Pray for Neasamani: As Modi trends nationally, Tamil Nadu prays for Neasamani
The Politics of Protest and the All That Was Left Unsaid: What is #Pray_For_Nesamani, and why is trending at number one on Twitter?
There’s always been something about Tamil Nadu.
Remember when the DMK celebrated Karunanidhi’s 94th birthday with a huge celebration back in 2017, open to everyone except the BJP? Remember the years and waves of anti-Hindi agitations, from 1937 to as recently as 2014? I don’t have to point out the constant tug-of-war between the Dravidian movement and Brahmanical ideologies seen in the state.
Tamil Nadu is the state that plays hard to get. It’s an incredibly rich mass of culture, of history, of strategic and economic importance - and it knows it. It’s the State that has proudly wielded affirmative action, and raised the bar of educational and professional qualification. Tamil Nadu accounts for 26 of the 100 top-ranked universities of higher education in the country, as per the metrics set by the National Institute Ranking Framework.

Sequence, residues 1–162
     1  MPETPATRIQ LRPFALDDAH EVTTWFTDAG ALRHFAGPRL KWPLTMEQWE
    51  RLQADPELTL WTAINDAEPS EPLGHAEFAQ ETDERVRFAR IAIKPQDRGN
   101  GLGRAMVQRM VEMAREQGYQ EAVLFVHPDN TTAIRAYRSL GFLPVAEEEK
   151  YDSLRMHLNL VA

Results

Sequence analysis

Tamil Nadu has also been the state to most fiercely buck against the nationalist idea of a hegemonic, homogenised India -- while it embraced migrant labour with open arms, it has placed unshakable importance on situating state culture within a greater narrative of plurality and secularism.
Against this backdrop, there’s just something wonderful about the fact that the number one trending hashtag in Tamil Nadu today is #Pray_For_Neasamani, while the rest of India is wrapped up in the furore of PM Modi swearing in his new Cabinet. Nesamani is a fictional character, from Friends, a Tamil movie released in 2001 -- a rather tragic character played by the maestro of comedy, Vadivelu. The whole state seems to be tweeting for the health of this doomed contractor, who was plagued in the movie by hammers falling on his head and a cast of inept helpers.
Now here’s why this is wonderful: protest doesn’t always have to be violent, or erudite, or vindictive, or even expressed. Sometimes, protest can be that pulse of society that just ignores what they don’t want to accept -- a society that would rather pray for a fictional character on Twitter than pay homage to a leader they didn’t choose.
That’s what is special about Tamil Nadu. It doesn’t just play hard to get -- it is hard to get.